As mindmaps and memory games gain greater recognition in the classroom, Douglas Blane goes to see the latest pack in action.
Every brain inside the head of every child contains a million million brain cells, which means each child has potentially more computing capacity than the most powerful computer in the world. But unfortunately brains are not delivered complete with mouse, keyboard, VDU and a thick instruction manual. So it is hardly surprising that many kids never get the hang of the computer in their heads. And although at school we tell them all about Pythagoras, gravitation, Shakespeare and condoms, we seldom provide them with even elementary operating instructions for their brains.
Research has shown that any healthy brain can be taught to absorb information faster, solve problems more skilfully, understand more profoundly, remember more accurately and perform, in a host of ways, far more effectively than the unschooled mind. The earlier these mental skills are taught, the more thoroughly they will be mastered. Although a variety of resources have recently become available to help children make better use of their brains, reactions from inside the teaching profession have been lukewarm, ranging from the erudite: "It's a nice packaging of Sixties social psychology and Fifties learning theory", to the dismissive: "It's just a personality cult."
But at Coltness High School in Wishaw a new package called The Learning File produced by the Quality in Education Centre (QIE) at Strathclyde University is being tested with enthusiasm. Last spring the school took part in a pilot study using third-year pupils, and this year the course is being taught to all first and second year pupils.
Today a first-year class is learning how to lock information into long-term memory using mindmaps made with crayons, scissors, stencils, drawing-pins, coloured card and glue-sticks.
"The idea is that they'll go out and use the techniques because they'll remember enjoying it the first time they met them," explains their business studies teacher, Lindsay Cole. "All the children are getting a lot out of it, as you can see. I don't think you can be too young to learn how to use your brain properly." Agnes Magowan, the principal teacher of support for learning, says: "The children in the pilot study worked really hard and we only had one person off the whole six weeks, which for after-school study was quite remarkable. We got a lot of feedback from parents too, who said things like 'We'd never seen him sitting down and studying before'." The pupils who took part in the pilot study are convinced of the value of the techniques they learned: "They showed us how to tackle problems step by step without feeling like screaming when you couldn't solve them right away," says Gillian, now in her fourth year.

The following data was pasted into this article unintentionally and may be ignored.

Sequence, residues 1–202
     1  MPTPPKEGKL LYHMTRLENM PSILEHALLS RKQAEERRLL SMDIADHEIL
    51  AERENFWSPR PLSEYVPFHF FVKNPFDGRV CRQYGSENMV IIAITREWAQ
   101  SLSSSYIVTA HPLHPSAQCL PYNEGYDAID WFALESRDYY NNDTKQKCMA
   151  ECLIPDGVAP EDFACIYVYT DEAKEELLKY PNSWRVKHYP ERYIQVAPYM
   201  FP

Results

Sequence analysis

"I use mindmaps for writing essays," says Azam. "It helps you plan your work and get organised. I'd always do a keyword plan when doing an essay."
Allison did a mindmap for revising her third year exams: "It saved me reading a big, long book," she says. "You only need to remember a few headings and you can remember what came in that section, so it's less work."
Ian says: "You don't really have to be artistic, and getting things into longterm memory has helped me a lot in computing, geography and English."
In addition to memory and the structure of the brain, the course covers studying, thinking, speed-reading and problem-solving, while a second strand focuses on self-esteem and motivation. Professor John MacBeath of QIE says the package is extremely popular with schools. "We've never had a product sell so well. We've sold around pound;50,000-worth in six months, and any kind of piloting we've done with schools, they come back very enthusiastic. It's been quite phenomenal. I think what they like about it is, it's there, ready made, and teachers can plug it in and use it. But we also try to make sure they get a day or so of training around it, because although it's very accessible, behind it lies a lot of research." Another reason for its success could be that The Learning File was developed, initially for his own use, by a teacher, Matthew Boyle, whose first love is teaching, not marketing an educational product.